“…84 percent of Oahu voters strongly or somewhat agree that the rail project ‘will end up costing a lot more than is currently estimated.’” Disregard the inadequacy of that description; to be accurate, it should have read “84 percent of very likely Oahu voters who were polled” think the project will overrun its budget.

But beyond that point, why do so many believe this? It’s because people like anti-railer-in-Chief Cliff Slater have been saying so for years without many challenges based on his hunches and speculation.

Says the paper: “Longtime rail opponent Cliff Slater said he expects the real cost overruns will come later, after the city has erected several miles of track. Slater said he believes rail contracts were awarded for artificially low amounts because contractors plan to submit change orders later to demand more money.”

We added the emphasis to highlight that these are simply Mr. Slater’s expectations and beliefs – his hunches that are driven by his decades-long opposition to public transit projects based on his preference for ABC transportation – Always by Car.

If the media had viewed Mr. Slater with more skepticism and less respect over the years, delving into his beliefs and talking points to uncover the misrepresentations at the heart of his philosophy, maybe the public would believe something entirely different about rail.

But Rolodex journalism – the media’s reliance on the same sources time and again – has catapulted Mr. Slater into near-daily prominence in local rail coverage and, because of that coverage, bestowed an aura of authority on his pronouncements.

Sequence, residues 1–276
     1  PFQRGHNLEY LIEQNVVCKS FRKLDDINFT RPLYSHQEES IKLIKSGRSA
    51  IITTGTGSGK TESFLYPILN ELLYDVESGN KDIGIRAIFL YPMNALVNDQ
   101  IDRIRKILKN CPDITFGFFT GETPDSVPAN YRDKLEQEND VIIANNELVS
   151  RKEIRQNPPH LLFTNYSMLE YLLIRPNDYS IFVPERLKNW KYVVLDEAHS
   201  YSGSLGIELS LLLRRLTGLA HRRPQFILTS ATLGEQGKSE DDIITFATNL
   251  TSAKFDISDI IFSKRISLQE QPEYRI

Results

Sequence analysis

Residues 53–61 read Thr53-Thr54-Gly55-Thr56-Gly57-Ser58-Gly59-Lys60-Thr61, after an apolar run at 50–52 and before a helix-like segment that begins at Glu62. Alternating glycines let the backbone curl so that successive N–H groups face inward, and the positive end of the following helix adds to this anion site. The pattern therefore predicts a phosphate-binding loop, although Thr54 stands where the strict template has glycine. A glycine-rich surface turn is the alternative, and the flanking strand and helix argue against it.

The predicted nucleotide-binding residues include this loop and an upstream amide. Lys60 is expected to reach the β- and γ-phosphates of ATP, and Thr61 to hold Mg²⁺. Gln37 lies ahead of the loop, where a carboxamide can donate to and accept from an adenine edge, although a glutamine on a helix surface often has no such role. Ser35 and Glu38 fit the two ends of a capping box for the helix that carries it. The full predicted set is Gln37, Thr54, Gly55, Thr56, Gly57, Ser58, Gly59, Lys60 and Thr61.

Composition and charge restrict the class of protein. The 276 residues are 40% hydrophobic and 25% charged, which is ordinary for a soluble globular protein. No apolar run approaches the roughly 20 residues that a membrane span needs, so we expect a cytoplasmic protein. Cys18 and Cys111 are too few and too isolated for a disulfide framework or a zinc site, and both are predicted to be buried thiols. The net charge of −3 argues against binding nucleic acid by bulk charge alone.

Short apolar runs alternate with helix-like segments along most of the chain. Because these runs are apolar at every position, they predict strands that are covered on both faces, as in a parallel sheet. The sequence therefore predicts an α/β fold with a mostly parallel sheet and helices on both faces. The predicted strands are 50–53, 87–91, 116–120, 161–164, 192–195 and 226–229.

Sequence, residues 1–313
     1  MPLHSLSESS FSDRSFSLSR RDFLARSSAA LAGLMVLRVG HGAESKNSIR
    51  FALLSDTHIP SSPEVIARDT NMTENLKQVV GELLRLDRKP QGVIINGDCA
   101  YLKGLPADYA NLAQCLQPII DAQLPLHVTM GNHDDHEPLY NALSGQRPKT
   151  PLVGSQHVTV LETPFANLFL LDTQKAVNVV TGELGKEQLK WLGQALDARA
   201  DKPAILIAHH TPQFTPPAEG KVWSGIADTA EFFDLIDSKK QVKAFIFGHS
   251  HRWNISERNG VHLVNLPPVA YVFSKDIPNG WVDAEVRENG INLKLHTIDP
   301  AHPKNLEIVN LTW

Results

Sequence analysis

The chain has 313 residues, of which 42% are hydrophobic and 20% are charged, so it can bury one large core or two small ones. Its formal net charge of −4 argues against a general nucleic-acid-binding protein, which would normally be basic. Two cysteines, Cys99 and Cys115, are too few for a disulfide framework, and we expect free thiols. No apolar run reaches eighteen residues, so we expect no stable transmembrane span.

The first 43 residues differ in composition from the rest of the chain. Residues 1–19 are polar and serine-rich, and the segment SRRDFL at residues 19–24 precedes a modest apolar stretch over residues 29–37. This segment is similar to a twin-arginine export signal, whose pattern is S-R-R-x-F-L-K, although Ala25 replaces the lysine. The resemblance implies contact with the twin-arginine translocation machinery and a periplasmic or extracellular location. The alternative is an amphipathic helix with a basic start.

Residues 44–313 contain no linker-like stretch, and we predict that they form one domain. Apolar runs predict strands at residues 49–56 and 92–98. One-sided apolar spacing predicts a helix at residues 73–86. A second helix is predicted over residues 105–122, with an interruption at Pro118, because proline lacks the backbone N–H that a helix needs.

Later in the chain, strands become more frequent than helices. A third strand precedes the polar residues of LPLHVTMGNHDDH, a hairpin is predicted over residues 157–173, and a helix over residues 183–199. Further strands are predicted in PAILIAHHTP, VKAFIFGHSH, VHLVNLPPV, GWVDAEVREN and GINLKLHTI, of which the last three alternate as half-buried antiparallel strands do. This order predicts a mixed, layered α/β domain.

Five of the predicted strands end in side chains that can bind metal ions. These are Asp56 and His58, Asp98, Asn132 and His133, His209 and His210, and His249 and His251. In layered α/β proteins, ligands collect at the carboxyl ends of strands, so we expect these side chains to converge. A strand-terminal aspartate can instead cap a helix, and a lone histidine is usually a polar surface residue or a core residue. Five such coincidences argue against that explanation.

That aura is undeserved. If you doubt that, please do spend some time with the posts beneath the Mr. Cliff Slater (and Friends) heading at our “aggregation site.”

And please also read Yes2Rail’s June 28th post, then fast forward to yesterday’s smack-down of Dennis Callan’s anti-rail screed by a certified transit expert. There’s enough there and elsewhere among rail-supporting groups to convince most people that the rail opponents are pushing an agenda that has nothing to do with rail’s four principal goals while disregarding what achieving the goals will mean for future generations of Oahu residents.

Here are those goals again, as originally described here in early 2011; they’re easily found in Chapter One of the project’s FEIS:

• Improve corridor mobility – Congestion has increased steadily through the decades and will continue to worsen in the decades ahead. The FEIS states: “Given current and increasing levels of congestion, an alternative method of travel is needed within the study corridor independent of current and projected highway congestion.” In other words, Honolulu rail will provide congestion-free travel through the urban corridor and thereby restore true mobility – the ability to know both your departure and arrival times for trips across town.

• Improve corridor travel reliability – Car and bus travel are susceptible to delays that can occur without warning. “This lack of predictability is inefficient and results in lost productivity or free time,” the FEIS states. “A need exists to provide more reliable transit services.” Honolulu rail will operate on a time table; train travel from one end of the line to the other will take 42 minutes day in and day out.

• Improve access to planned development to support City policy to develop a second urban center – Again from the FEIS: “Accessibility to the overall `Ewa Development Plan area is currently severely impaired by the congested roadway network, which will only get worse in the future.” Without improved accessibility to support Ewa’s growth, the area is less likely to develop as outlined in the City’s General Plan for decades.